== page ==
Gang-du, of course, turns from a clown to a tragic figure when his daughter is presumed dead, and then becomes a heroic v(if still goofy) underdog when it turns out she is alive, and awaiting rescue. Still, if Gang-du were just an idiot, that would be relatively uninteresting. He isn’t, however: the identity between him and the monster actually go much deeper. We learn this when, frustrated by his siblings’ treatment of his eldest son, Gang-du’s father tells his other children a story.

Just just a story, a confession, and the story of how Gang-du became the way he is. It is a pathetic tale of neglect, both lightened and made more tragic by the fact that Gang-du’s siblings are soon sleeping instead of listening to the story of how their now-stupid elder brother was once a very clever little boy, left to fend for himself and “do seori” (let’s say, “borrow” in that sense that means never giving back) food from nearby farms. Just like the monster, Gang-du was transformed in his early life by a “toxic environment” — the broken family of hiw own childhood. And as his father said, “something broke” inside his head. The chaos we saw at the funeral:

… pays off as it becomes obvious that this family is already, irreparably, broken, even as they struggle to maintain the shreds of integrity they have and save their family’s most vulnerable member.

Now, far be it from me to push this too hard, as it’s really just a tangent, but I’ve seen a lot of broken families in the Korean short fiction I’ve read. One of the patterns I’ve seen — enough to feel like it’s some kind of literary convention — is the us of broken families to represent the division between North and South in Korea. I don’t think that’s what is going on in this story, mind you — any more than I think Yonggary — a giant dragon-like beast that rises out of the ocean — has anything to do with Japanese guilt about imperialism and conduct during the war. Rather, I’m just noting that broken families are one of those tropes that we see a lot in modern Korean literature — and film, for that matter — and that they seem to have accreted a kind of aura of significance and meaning, especially a political one.

The characters are very interestingly selected, by the way. Nam-Joo, played by Bae Doo-na, is quite decidedly not the sort of character who is usually tasked with being the heroine in a Korean film. That is to say, Nam-Joo is not a pretty woman. Not that we would say the same of Bae:

Nothing to sniff at, as I’m sure you’ll agree! Yet Bae’s character — who, albeit, goes from believing her neice is dead, to hunting the giant monsterthat had kidnapped the child — is most definitely made up to look unpretty — there’s a conscious, conspicuous effort put into it:

… and at times, one cannot help but wonder if what is being done here is some kind of hearkening back to a time before the media and fashion industries — so prominent today — had become as entrenched as they now are, and before female Korean stars were getting massive amounts of plastic surgery, dressing they way they do, and wearing enough makeup to make even a group of teenagers push the buttons of a surprisingly large number of adult men. Nam-Joo may well be not just be a refiguration of the female archers of old Korea, but also iconic of those women who somehow struggled to hold their lives together without falling back on their looks, or selling themselves as so many — enough to make the sex trade very nearly competitive with agriculture in this country — have ended up doing.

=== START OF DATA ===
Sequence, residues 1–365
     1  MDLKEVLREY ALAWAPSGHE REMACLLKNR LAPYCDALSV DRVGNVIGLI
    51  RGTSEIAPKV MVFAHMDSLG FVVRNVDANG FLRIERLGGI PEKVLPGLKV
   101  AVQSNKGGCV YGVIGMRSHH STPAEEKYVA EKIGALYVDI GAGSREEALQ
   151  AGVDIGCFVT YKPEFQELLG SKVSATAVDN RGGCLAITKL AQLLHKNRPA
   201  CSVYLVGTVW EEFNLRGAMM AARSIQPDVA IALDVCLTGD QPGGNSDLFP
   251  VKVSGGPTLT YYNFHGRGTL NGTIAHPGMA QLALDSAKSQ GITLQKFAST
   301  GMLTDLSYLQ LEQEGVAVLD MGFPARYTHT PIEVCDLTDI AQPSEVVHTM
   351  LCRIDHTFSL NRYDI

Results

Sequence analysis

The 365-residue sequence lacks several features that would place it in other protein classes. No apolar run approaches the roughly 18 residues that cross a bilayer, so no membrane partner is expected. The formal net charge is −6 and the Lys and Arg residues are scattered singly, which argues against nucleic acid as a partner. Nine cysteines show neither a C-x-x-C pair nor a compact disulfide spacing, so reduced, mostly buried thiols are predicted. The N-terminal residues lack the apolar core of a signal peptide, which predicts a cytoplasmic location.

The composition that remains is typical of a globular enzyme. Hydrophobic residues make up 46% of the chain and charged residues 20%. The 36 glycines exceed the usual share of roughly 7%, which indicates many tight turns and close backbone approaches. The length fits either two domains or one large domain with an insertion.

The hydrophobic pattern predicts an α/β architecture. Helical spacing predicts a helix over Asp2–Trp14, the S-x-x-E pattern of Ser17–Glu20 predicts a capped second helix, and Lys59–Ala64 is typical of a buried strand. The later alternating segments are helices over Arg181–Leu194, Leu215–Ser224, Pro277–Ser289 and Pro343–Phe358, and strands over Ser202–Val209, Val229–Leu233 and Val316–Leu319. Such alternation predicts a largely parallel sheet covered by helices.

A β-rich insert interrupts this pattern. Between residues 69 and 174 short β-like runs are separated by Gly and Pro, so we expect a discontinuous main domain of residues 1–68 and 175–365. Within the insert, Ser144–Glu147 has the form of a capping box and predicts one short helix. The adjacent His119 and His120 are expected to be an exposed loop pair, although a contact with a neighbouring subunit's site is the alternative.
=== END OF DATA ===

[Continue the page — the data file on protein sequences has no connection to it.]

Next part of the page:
And by the way, Nam-joo is downright bad-ass, when she finally gets over her hesitation issues. She’s the family member I credit most with the death of the monster, simply because she is a stone [monster-]killer. Look at that expressionless face:

Nam-Joo’s brother, on the other hand, is camouflaged — he wears a suit at the beginning, and looks like he could pull off fitting in the corporate world of Korea much better — but he’s no real action hero, and indeed, he’s not very much of a man at the beginning of the story. Indeed, the first thing we see of him is not his face, but his hand, and in it, bottle of soju — the hard liquor that is, again, the emblematic Korean liquor:

The next thing we see is him guzzling the stuff as he approaches the photo of his supposedly dead neice:

While I have no doubt some guys do go and get hammered on soju when there’s a death in the family — just as some guys go get hammered on Wild Turkey or cheap vodka, depending on where they live — I think there’s more going on in this scene than just that, too.

As I’ve promised to explore in my (still ongoing, but backburnered) series on Gin Lane and Soju-Ro, soju is fascinating as an emblem of Korea — in this context especially so because it is also a beverage that has been completely redefined by the industrialization and modernization of the country. As Wikipedia notes (citing this article by Ines Cho):

From 1965 until 1991, in order to alleviate rice shortages, the Korean government prohibited the traditional direct distillation of soju from fermented grain. Instead, highly distilled ethanol from any source was mixed with water and flavorings to create diluted soju. Although the prohibition has now been lifted, cheap soju continues to be made this way.